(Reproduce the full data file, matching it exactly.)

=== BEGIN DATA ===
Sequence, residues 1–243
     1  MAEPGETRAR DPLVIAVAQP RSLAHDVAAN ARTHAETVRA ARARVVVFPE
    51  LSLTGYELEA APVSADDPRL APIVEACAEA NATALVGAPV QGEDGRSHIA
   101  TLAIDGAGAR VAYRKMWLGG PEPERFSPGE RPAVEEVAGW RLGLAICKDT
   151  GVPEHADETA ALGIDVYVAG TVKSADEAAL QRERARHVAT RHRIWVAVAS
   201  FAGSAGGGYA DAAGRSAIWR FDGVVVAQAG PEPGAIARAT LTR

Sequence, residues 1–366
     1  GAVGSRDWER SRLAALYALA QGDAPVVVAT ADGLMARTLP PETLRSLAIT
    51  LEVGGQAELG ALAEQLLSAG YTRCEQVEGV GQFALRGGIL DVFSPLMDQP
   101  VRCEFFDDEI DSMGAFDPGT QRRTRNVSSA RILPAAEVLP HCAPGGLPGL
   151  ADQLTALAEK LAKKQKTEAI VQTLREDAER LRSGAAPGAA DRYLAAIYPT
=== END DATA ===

Sequence, residues 1–243
     1  MAEPGETRAR DPLVIAVAQP RSLAHDVAAN ARTHAETVRA ARARVVVFPE
    51  LSLTGYELEA APVSADDPRL APIVEACAEA NATALVGAPV QGEDGRSHIA
   101  TLAIDGAGAR VAYRKMWLGG PEPERFSPGE RPAVEEVAGW RLGLAICKDT
   151  GVPEHADETA ALGIDVYVAG TVKSADEAAL QRERARHVAT RHRIWVAVAS
   201  FAGSAGGGYA DAAGRSAIWR FDGVVVAQAG PEPGAIARAT LTR

Sequence, residues 1–366
     1  GAVGSRDWER SRLAALYALA QGDAPVVVAT ADGLMARTLP PETLRSLAIT
    51  LEVGGQAELG ALAEQLLSAG YTRCEQVEGV GQFALRGGIL DVFSPLMDQP
   101  VRCEFFDDEI DSMGAFDPGT QRRTRNVSSA RILPAAEVLP HCAPGGLPGL
   151  ADQLTALAEK LAKKQKTEAI VQTLREDAER LRSGAAPGAA DRYLAAIYPT